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Introducing solids - the best first foods for babies

27 Nov, 2023
Baby | Parenting

Introducing solids is an exciting and essential milestone; it's your baby's first step into the world of brand-new flavours and textures. Below is everything you need to know about recommended menu items and how and when to start baby food for a smooth transition.

When is your baby ready for solids?

Some parents go with the traditional weaning method (purees), some go for baby-led weaning, and some prefer both to avoid picky eating and mealtime tantrums.

Look for these readiness signs in your baby before introducing solids:

  • Your baby is six months old

  • Seem hungry after breast or formula feeds

  • Can sit with minimal assistance

  • Has good head and neck control

  • Can reach out and put their hands and toy to their mouth

  • Appears interested in food, easily opens mouth when you touch their lip with a spoon

  • Move food to the back of their mouth and swallow

Traditional spoon feeding - starting with pureed food

This technique is very popular and often recommended by paediatricians. It puts the parents in control of the feeding (holding the baby spoon and feeding the baby). Babies naturally mimic parents, so to avoid stress at feeding time, give one silicone spoon to your baby to practice feeding themself.

Begin with spoon-feeding one single ingredient food in a pureed form at a time first. This helps you to figure out if your child has any allergies.

It is important to wait for at least 3 days after introducing each new food. Before you know it, your little nugget will be on its way to enjoying lots of different foods and flavours.

Babies naturally mimic parents, so to avoid stress at feeding time, give one silicone spoon to your baby to practice feeding themself.

Texture of purees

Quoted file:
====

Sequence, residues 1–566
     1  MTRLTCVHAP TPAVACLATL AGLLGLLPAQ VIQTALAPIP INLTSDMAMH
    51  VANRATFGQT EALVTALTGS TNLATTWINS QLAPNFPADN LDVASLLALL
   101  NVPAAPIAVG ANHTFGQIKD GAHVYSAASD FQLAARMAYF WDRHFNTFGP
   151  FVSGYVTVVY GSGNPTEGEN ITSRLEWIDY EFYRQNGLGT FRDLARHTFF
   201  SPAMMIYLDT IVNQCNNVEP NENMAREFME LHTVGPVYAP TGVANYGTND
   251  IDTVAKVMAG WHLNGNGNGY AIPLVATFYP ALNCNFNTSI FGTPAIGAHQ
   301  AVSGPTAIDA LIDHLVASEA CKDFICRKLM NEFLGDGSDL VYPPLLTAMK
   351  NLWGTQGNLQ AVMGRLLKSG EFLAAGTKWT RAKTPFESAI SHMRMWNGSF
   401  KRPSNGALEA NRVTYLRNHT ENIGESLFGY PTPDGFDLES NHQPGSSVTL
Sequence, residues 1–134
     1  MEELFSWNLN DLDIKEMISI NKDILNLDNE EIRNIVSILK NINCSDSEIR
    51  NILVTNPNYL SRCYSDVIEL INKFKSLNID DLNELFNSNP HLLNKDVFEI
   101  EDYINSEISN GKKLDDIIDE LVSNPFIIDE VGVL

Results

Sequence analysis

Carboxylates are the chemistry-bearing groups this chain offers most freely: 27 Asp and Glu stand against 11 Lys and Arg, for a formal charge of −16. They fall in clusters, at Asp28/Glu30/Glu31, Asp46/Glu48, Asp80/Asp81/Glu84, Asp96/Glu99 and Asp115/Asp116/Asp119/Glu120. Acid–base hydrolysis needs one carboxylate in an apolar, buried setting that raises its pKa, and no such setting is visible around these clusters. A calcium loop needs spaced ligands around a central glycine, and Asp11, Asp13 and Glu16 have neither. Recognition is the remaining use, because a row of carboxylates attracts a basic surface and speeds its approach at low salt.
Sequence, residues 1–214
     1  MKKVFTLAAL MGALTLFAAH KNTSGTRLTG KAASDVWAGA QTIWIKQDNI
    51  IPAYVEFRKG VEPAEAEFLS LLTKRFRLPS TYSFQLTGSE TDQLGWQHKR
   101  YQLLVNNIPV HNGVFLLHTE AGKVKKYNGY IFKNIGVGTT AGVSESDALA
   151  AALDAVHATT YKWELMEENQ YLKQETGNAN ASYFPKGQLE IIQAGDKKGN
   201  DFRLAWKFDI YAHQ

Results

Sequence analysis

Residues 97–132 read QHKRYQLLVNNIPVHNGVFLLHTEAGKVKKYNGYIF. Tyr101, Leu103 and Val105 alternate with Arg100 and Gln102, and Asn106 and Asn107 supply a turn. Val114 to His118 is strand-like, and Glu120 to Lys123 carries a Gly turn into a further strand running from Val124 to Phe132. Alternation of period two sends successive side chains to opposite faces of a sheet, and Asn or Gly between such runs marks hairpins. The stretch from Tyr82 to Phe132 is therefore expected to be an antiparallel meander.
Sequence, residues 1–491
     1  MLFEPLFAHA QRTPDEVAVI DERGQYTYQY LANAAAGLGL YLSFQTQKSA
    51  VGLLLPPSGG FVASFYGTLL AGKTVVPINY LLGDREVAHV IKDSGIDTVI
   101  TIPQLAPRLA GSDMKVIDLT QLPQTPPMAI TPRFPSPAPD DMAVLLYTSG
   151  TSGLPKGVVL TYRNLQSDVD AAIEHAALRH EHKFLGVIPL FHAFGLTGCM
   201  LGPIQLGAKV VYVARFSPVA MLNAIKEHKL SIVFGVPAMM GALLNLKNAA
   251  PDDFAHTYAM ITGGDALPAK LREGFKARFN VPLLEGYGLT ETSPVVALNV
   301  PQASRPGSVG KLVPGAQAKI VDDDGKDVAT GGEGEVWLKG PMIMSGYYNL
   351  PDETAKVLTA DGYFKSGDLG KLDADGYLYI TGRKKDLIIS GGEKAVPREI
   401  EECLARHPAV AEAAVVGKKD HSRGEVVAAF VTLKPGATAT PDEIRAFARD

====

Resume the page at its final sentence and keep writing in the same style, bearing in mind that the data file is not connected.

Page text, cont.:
Make a pasty mixture by using a blender and add breast milk, infant formula, or water to make the right consistency. Start with smooth, pureed food, then slowly introduce mashed or chopped food to add texture.

First solid foods to try

  • Steamed/cooked and pureed vegetables without skin & seeds like broccoli, peas, sweet potato, carrot, pumpkin, cauliflower, asparagus, etc.

  • Steamed/cooked and pureed fruit like apples, pears, apricots and peaches

  • Soft and smoothly mashed fresh fruit like mango, banana and avocado

  • Iron-fortified infant cereal or baby rice

  • Overcooked and pureed pasta

  • Cooked and pureed meat (without bones) like beef, lamb, pork, chicken, or fish

  • Whole milk yogurt

There's no need to add any salt, spices, oil or butter when preparing food for your baby.

Baby-led weaning - starting with BLW

With Baby-led weaning, parents go hands-off, and the baby takes the reign. This newer method discourages spoon-feeding and supports infants to self-feed from the very beginning and be in control of the entire feeding experience.

Unlike spoon-feeding, your little one has the choice to pick and explore all sorts of foods, grasp them, and after playing with them and eventually eat them.

How to get started with BLW?

Start baby-led weaning by giving your baby a variety of food that is soft enough to smush between your fingers. Cut the pieces of food into slices and batons, long enough to fit into your baby's hand with a little bit of sticking out for them to chew on.

You can cut the more slippery fruit into wavy shapes, making it easy to hold (such as mango, watermelon, rockmelon) or dip the pieces in baby cereals or biscuit crumbs.

Offer your baby a variety of foods over the week; use a silicon suction plate with divisions if you want to separate different foods. Let the baby touch the food with their cute chubby fingers, play with it and enjoy the taste.

Baby-led weaning first foods

  • Steamed and peeled slices of apple, peach and pear

  • Soft & peeled mango, avocado, banana

  • Steamed and peeled sweet potato, broccoli, carrots, and asparagus

  • Scrambled eggs and toast

  • Moist proteins such as fish, poultry, and beef

  • Overcooked pasta

Every baby is different, and it's fun getting to know what sort of food your baby loves. If you opt for a traditional feeding method, finger foods are recommended to be introduced by the 8th month. It is also suggested you continue breast or bottle feeding your baby - in addition to feeding them solid food until they are one year or older.

Article supplied by Brightberry.

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